By Dana Hantel
When Nathaniel Hart was 12 or 13 years old, he started selling clothes, sneakers and other hard-to-find items.
“I always liked fashion and dressing and expressing myself that way,” he said.
Over time, he bought and sold things out of his basement and “built a following through social media and special events,” like the Star City Vintage Festival.
He began to imagine that this could develop into a more substantial enterprise, so he started saving money and finding capital. On Oct. 31, his dream became a reality as Gallery 304 hosted a grand-opening at its new location in downtown Morgantown.
Reflecting on his journey, Hart said, “At times it seemed not probable, but every time I kept going, something good would happen and I gained some momentum.”
He shared this advice for other young people: “If you really have a dream or a goal, just keep working toward it. Sometimes you’re closer than you think.”
Noah Fenton, one of Hart’s loyal customers, said, “I was the first person inside his first shop, and it was amazing to finally experience the vintage West Virginia gear.”
A Mountaineers fan living in Ohio, Fenton stays in touch with Hart and travels to Morgantown every few months to see the latest pieces and discuss WVU sports. Fenton said that Hart “always has so much to choose from and very rare WVU pieces you can’t find or see anywhere.”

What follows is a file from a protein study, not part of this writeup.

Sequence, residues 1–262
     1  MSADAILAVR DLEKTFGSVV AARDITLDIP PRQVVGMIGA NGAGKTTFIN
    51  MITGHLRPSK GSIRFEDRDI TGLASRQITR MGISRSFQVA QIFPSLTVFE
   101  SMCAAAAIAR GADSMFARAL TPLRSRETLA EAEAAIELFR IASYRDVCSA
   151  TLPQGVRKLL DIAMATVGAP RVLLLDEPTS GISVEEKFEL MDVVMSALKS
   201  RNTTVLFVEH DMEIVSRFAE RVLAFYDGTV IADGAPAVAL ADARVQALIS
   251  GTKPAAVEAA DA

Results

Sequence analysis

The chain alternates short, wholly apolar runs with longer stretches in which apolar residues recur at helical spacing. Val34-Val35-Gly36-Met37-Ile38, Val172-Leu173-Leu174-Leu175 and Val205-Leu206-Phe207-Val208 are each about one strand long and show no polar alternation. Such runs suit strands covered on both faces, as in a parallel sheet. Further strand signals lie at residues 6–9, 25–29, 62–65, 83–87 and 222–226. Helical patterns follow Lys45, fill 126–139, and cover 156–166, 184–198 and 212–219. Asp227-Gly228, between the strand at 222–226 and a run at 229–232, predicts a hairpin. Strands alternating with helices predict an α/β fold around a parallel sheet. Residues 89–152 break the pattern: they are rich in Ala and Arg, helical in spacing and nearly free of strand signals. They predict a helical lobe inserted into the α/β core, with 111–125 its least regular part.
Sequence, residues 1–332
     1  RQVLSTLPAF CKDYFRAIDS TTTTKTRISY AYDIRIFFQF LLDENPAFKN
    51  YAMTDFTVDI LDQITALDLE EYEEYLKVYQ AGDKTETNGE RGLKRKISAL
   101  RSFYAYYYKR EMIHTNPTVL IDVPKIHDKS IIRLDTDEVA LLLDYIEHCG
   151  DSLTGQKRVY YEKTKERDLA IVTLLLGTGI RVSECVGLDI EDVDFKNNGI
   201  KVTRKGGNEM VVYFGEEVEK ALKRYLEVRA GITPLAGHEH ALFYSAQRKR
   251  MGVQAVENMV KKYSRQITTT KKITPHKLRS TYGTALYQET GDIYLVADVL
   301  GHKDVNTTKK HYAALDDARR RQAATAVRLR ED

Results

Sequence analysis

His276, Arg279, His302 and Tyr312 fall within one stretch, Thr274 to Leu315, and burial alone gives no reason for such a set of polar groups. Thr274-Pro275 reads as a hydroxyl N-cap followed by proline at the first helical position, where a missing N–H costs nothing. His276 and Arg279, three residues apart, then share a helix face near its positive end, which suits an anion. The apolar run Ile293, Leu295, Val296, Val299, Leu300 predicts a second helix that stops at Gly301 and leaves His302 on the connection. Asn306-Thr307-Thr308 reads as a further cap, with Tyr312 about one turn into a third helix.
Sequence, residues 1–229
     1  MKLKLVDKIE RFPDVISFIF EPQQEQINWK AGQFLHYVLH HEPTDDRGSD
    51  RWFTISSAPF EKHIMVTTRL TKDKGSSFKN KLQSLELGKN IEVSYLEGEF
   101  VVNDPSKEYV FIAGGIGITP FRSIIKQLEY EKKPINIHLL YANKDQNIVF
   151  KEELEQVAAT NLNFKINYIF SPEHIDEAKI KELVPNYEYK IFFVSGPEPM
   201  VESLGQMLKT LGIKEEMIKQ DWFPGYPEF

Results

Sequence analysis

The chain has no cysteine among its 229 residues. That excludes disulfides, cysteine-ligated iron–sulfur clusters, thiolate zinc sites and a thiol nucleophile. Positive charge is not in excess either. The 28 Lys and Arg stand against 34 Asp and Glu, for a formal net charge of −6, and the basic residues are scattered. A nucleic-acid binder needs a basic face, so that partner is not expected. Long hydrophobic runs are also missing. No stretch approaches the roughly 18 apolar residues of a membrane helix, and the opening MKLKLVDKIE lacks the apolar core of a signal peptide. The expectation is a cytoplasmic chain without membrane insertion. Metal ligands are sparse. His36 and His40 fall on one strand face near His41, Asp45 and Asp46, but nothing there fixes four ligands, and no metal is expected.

Gallery 304 does boast an expansive collection of vintage apparel, including “the greatest collection of vintage WVU gear on Earth,” according to its website. Yet this is more than a shop for dedicated vintage enthusiasts and Mountaineers fans.
Hart believes “you can find something, no matter who you are.”
At the grand-opening, the shop’s diverse offerings included a Garfield telephone, a Minnie Mouse clock, a Michael Jordan poster and a Smashing Pumpkins T-shirt. Walking around this very modern space filled with vintage things, you get the sense that you’re on a time-traveling treasure hunt.
In the age of internet shopping with brick-and-mortar retail becoming increasingly difficult, Hart is betting on the power of unique experiences. “I focus on creating an environment to shop in. I want people to leave with an experience they’re excited about,” he said. “The stuff I sell, Amazon doesn’t sell yet.”
Hart went on to share that “vintage is becoming very mainstream. People don’t mind paying more because they know the story. It’s sustainable. And it’s really unique, limited and rare. You’re not going to walk down the street and see someone wearing the same thing as you.”
His favorite thing about vintage is the history tied to the pieces.
“The pieces have stories. College students buy stuff that’s older than them.”
Sellers tell tales of concerts or games, stories about cherished moments in their lives. Buyers explain why an object holds special meaning for them, or why they believe it will put a smile on the face of someone they love.
Despite the growing popularity of vintage merchandise, there wasn’t a whole lot available in the area, which Hart viewed as an opportunity.
“If you want something to exist, go out and create it yourself. Nothing existed until somebody did it,” he said. “I want people to look at Morgantown as a cool place with great style. For being a small place, it has a lot of culture.”
Learn more at www.gallery304.com or visit the brand new location at 327 High St. to enjoy the full experience. Gallery 304 is open from noon-7 p.m. Tuesday-Saturday.